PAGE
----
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The New Axis of Business Initiatives: Strategic Community Engagement

The New Axis of Business Initiatives: Strategic Community Engagement
Image credit: Juanedc.com | Flickr
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In today’s business world, customers can easily discover one other, share real-time updates on vendor price and performance and express their satisfaction or dismay in a public arena within seconds. This new world puts market power and influence literally at the customer's fingertips. With a click of a mouse or a swipe on a screen, company reputations can be made or broken.

Related: 7 Strategies for Achieving Phenomenal Online Community Growth

Those are the new realities. If companies want to survive them, they can no longer afford to leave their customers out of key decision-making processes. Businesses need to move away from the mindset of traditional product development cycles, in which the customer is the "other" and is on the outside. Today, businesses need to create strategic community engagement.

This power shift from business to consumer has been in the works for decades. In the opening paragraph of his 1989 book, The New Realities, renowned business scholar and management consultant Peter Drucker identified the fundamental forces that are now so clearly driving marketplace change. “Capital can go where it is paid the most,” Drucker observed a quarter-century ago; “Knowledge workers know that their knowledge gives them freedom to move.”

He described the result of these major shifts as a world economy changing “from international to transnational.”

In this kind of system, Drucker further warned, there is no such thing as “external.” Traditional business systems, he said, siloed their activities and interactions, treating the customers and partners on the outside as almost an alien species. But in contrast, in the world where we will do business for the rest of our lives, everyone and everything should be regarded as potentially “inside”: The question then becomes how to make those customers and partners want to be our insiders, rather than a competitor’s.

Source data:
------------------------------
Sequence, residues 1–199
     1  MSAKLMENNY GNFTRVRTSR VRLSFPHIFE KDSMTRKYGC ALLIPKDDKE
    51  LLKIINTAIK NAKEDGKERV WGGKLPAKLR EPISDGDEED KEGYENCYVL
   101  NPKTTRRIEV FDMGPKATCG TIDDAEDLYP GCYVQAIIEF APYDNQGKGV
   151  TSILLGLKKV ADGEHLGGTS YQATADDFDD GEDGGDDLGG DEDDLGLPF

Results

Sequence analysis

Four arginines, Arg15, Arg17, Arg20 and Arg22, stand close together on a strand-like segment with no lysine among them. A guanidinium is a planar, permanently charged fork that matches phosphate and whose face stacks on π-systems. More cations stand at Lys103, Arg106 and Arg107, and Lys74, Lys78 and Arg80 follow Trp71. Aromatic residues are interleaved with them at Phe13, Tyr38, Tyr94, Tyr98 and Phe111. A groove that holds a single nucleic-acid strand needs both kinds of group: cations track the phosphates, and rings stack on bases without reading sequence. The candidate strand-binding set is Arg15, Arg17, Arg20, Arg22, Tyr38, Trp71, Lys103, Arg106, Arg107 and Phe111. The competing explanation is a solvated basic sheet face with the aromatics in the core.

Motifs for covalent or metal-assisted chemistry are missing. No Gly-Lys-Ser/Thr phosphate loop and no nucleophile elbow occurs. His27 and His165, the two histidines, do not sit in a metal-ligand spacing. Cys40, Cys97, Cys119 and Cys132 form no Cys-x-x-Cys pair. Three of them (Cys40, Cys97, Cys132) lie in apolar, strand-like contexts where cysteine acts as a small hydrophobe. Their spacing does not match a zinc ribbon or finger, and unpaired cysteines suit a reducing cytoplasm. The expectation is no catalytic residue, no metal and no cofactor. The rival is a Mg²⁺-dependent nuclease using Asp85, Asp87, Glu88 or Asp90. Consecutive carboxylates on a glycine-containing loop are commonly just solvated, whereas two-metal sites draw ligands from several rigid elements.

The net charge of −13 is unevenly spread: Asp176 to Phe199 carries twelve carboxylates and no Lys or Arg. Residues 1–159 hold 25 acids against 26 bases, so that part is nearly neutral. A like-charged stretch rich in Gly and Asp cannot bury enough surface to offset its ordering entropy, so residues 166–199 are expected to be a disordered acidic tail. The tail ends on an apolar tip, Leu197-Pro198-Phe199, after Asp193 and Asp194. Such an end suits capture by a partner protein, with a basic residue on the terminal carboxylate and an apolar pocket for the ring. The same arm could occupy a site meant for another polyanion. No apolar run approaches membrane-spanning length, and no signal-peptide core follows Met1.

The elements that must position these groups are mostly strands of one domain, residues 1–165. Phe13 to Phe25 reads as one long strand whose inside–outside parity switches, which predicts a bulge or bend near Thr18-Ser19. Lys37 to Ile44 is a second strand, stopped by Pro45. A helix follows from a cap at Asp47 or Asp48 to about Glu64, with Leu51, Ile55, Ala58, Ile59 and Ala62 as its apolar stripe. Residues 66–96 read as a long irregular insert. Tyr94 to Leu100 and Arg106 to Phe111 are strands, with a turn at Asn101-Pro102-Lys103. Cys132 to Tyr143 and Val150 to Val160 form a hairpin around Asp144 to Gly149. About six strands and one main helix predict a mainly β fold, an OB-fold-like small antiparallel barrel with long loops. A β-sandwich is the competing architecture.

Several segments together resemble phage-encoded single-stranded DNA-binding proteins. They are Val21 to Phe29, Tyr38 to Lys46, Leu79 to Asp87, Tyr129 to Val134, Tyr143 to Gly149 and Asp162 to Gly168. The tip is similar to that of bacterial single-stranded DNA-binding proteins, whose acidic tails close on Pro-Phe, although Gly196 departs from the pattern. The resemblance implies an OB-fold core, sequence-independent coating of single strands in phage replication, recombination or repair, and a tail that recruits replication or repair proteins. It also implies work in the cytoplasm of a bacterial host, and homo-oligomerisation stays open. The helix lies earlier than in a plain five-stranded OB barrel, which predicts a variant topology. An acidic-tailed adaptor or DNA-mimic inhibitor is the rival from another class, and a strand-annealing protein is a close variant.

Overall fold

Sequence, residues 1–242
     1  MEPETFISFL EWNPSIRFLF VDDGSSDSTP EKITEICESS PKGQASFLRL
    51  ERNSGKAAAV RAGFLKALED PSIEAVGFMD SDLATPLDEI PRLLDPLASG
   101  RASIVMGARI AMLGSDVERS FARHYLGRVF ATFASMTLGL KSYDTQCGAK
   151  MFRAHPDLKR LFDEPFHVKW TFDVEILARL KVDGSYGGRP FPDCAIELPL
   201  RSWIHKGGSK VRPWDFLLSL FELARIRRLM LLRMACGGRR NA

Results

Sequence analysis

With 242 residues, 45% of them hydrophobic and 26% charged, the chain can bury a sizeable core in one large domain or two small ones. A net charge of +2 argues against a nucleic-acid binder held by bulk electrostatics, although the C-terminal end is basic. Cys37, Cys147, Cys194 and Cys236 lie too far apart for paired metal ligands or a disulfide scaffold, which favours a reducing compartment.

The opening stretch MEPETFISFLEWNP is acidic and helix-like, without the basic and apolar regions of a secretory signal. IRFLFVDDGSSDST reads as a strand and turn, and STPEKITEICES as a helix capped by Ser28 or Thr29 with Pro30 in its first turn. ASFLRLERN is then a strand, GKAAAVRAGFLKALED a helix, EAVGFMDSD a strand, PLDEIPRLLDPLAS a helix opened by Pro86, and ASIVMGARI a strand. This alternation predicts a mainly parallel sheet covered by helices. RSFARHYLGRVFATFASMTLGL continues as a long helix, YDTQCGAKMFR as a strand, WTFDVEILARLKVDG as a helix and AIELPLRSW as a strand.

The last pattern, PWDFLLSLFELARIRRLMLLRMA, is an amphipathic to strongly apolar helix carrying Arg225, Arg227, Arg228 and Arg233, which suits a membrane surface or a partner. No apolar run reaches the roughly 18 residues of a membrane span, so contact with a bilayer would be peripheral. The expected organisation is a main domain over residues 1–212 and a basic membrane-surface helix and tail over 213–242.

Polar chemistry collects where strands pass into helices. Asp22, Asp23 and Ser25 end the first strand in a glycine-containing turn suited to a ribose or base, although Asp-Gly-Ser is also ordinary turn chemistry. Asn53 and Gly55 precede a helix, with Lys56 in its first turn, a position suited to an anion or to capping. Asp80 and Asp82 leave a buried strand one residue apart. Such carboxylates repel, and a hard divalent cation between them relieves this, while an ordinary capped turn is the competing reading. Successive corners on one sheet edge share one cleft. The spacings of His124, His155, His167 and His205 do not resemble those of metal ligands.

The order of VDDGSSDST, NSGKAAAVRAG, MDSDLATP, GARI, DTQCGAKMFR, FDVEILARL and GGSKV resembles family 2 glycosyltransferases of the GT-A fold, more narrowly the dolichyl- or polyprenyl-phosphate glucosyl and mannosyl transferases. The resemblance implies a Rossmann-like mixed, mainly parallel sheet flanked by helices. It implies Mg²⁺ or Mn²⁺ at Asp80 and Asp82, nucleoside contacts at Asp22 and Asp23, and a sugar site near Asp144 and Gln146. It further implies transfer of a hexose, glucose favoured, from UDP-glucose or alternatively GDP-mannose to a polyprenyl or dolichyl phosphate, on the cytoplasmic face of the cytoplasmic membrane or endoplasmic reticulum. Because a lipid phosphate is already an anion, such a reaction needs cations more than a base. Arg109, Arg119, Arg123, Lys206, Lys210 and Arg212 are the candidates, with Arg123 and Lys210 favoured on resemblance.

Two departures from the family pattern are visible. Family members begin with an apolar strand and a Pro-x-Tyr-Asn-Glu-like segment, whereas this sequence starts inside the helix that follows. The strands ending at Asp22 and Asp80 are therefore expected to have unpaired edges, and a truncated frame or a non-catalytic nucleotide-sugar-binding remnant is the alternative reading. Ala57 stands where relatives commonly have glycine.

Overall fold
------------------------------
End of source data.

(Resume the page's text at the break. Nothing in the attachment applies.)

In this new setting, businesses must redefine their mission and way of doing things. Instead of pushing products linearly to customers, companies should now iterate product versions based on ongoing dialogues with and feedback from customers. Traditional practice might convene a focus group to test an idea, develop a product over a cycle of months or years and then release the product into the market -- never obtaining broad, large-scale customer feedback until the product is already in the market. But, here's the problem: At that point in a traditional development cycle, change is extremely difficult to effect.

Such long product development cycles also make these traditional first-movers vulnerable to smaller, more agile competition: They incur a risk that they are defining and illuminating a problem or opportunity that smaller but more agile competitors may then seize, refine and dominate. “The early bird may get the worm, but it's the second mouse that gets the cheese,” is the catchphrase here.